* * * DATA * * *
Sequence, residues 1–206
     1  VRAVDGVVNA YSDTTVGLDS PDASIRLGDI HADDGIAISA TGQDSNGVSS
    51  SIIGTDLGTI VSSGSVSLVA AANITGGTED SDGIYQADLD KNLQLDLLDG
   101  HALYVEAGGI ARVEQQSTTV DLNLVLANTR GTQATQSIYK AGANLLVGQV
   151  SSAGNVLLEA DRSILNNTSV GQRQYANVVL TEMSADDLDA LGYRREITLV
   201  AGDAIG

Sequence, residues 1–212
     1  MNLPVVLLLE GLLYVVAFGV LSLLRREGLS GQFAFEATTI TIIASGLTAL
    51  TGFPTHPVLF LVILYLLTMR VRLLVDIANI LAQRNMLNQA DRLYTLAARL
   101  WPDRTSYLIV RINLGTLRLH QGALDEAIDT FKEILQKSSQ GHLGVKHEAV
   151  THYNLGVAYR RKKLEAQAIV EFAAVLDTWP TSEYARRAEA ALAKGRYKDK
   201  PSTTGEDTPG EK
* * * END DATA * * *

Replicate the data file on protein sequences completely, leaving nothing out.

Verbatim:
Sequence, residues 1–206
     1  VRAVDGVVNA YSDTTVGLDS PDASIRLGDI HADDGIAISA TGQDSNGVSS
    51  SIIGTDLGTI VSSGSVSLVA AANITGGTED SDGIYQADLD KNLQLDLLDG
   101  HALYVEAGGI ARVEQQSTTV DLNLVLANTR GTQATQSIYK AGANLLVGQV
   151  SSAGNVLLEA DRSILNNTSV GQRQYANVVL TEMSADDLDA LGYRREITLV
   201  AGDAIG

Sequence, residues 1–212
     1  MNLPVVLLLE GLLYVVAFGV LSLLRREGLS GQFAFEATTI TIIASGLTAL
    51  TGFPTHPVLF LVILYLLTMR VRLLVDIANI LAQRNMLNQA DRLYTLAARL
   101  WPDRTSYLIV RINLGTLRLH QGALDEAIDT FKEILQKSSQ GHLGVKHEAV
   151  THYNLGVAYR RKKLEAQAIV EFAAVLDTWP TSEYARRAEA ALAKGRYKDK
   201  PSTTGEDTPG EK